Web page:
With the sun blazing down and the wind rushing through while harvesting for Saturday’s pick up I was very thankful I’d taken the time to put curtains up on the south end and east side of the wash station earlier in the week! I still need to do a little more work on the curtains, but it certainly saved the produce from wilting too bad before we could get it in the cooler.
Bringing Belle and Blaze in from pasture…before we’d gotten all the rain…
Last Thursday night Dad drove up to Dennis to see if the Amish harness shop had a collar that would fit Blaze. The collar that came with her harness was too big for her. It has been a blessing to have the large collar though as she didn’t like having the collar slid over her head. Blaze’s previous owner had just opened up her collar and slipped it over her neck. There is a chance if a collar opens up too far it will crack at the bottom and ruin the collar, so I would prefer not opening up my collars if possible. With the large collar it’s been easier for Blaze to accept the new way of putting her collar on.
When Dad came back he brought the harness shop owner, Mr. Schwartz, with him along with a couple of collars to be sure and get the correct fit for Blaze. I was very appreciative of him taking his time to ensure she had the correct collar. Mr. Schwartz even waited long enough for me to get the harness out and harness both of the horses up so he could make sure I had them adjusted correctly! It was a real blessing for him to take all that time.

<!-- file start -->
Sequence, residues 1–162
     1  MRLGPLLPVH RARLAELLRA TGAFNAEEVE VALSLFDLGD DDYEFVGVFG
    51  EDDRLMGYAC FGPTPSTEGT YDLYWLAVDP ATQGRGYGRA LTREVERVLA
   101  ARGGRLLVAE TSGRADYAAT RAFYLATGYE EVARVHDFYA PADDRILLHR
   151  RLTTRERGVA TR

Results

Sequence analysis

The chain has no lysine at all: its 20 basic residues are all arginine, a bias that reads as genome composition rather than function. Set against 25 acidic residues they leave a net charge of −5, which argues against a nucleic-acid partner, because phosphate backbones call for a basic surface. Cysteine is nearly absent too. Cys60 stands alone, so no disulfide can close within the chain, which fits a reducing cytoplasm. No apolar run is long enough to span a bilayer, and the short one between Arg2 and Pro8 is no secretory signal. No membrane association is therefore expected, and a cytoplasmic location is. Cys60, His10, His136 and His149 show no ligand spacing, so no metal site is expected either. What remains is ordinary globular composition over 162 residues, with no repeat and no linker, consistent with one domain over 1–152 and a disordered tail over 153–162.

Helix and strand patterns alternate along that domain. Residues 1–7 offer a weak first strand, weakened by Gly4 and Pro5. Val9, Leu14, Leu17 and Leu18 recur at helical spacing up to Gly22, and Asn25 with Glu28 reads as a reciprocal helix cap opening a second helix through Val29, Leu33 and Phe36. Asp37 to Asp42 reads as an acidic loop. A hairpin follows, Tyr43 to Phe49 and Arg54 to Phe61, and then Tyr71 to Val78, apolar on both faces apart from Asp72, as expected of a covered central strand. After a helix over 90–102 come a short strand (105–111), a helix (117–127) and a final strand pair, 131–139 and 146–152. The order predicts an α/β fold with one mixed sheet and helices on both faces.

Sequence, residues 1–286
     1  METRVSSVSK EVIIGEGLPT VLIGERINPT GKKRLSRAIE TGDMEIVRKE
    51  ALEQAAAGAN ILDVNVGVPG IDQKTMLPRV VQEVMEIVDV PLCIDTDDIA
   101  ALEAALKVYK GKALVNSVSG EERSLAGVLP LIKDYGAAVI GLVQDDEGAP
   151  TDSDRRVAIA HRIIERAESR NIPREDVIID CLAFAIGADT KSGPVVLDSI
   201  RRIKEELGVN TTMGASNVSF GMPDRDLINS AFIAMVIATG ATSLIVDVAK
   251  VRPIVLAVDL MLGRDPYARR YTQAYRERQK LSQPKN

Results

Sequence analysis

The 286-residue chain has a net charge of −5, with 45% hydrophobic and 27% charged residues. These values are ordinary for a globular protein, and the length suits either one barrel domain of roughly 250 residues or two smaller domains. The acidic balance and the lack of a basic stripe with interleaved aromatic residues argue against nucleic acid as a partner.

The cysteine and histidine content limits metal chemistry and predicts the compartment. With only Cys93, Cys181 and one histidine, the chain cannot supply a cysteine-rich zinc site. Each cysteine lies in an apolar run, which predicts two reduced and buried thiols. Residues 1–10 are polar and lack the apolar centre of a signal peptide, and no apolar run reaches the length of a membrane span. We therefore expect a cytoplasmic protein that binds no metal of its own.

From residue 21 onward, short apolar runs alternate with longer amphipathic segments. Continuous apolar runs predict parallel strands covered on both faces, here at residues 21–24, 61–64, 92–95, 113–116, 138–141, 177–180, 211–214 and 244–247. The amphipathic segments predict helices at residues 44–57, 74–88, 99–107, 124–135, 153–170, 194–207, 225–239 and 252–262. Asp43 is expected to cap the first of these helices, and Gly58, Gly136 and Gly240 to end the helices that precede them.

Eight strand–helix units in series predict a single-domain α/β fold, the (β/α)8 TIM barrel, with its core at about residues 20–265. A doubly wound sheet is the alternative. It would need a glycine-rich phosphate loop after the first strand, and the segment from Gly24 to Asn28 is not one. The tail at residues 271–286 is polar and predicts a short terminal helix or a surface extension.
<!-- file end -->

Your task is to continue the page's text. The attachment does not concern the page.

We celebrated G-Jean’s birthday last week and Jena came up with a very fitting, unusual, cake decoration idea!
Several varieties of lettuce leaves over the top of a chocolate angel food cake, with pak choi blooms and green onion tops coming through the center!
Part of Jena and my gift to G-Jean was helping her clean up her flower beds. In the process we found a snail that was very active. We never had a snail so anxious to move with an audience, but this one was climbing (or crawling however you prefer saying it) all over Jena’s thumb.
Leah came over at just the wrong/right time and we roped her into helping a little too.
Nearly three full days a week are reserved for CSA now between the harvesting, packing and pick up. It’s very rewarding work though getting to meet new people and seeing the “fruits of your labor” bring smiles to everyone’s face…including mine!
Just before the rain moved in Dad helped me (Jena helped a little too) get the corn/bean planter fixed up so we could plant the beans and corn! Saturday while I was helping get CSA shares to all the share holders and giving garden tours Dad was working on the planter. After the CSA pick up I jumped in too and tried to figure out which plates (they have holes in which the seed is metered out) and spacing (you can change out gears for different spacings) were needed to plant each of the corn and bean varieties… There sure are a lot of options to choose from.